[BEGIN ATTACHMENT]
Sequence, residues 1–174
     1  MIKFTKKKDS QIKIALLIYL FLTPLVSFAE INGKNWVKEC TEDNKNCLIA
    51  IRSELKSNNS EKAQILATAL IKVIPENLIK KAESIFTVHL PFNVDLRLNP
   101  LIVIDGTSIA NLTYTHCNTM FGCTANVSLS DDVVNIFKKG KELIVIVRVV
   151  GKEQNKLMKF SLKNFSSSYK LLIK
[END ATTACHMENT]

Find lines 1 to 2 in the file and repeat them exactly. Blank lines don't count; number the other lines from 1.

Sequence, residues 1–174
     1  MIKFTKKKDS QIKIALLIYL FLTPLVSFAE INGKNWVKEC TEDNKNCLIA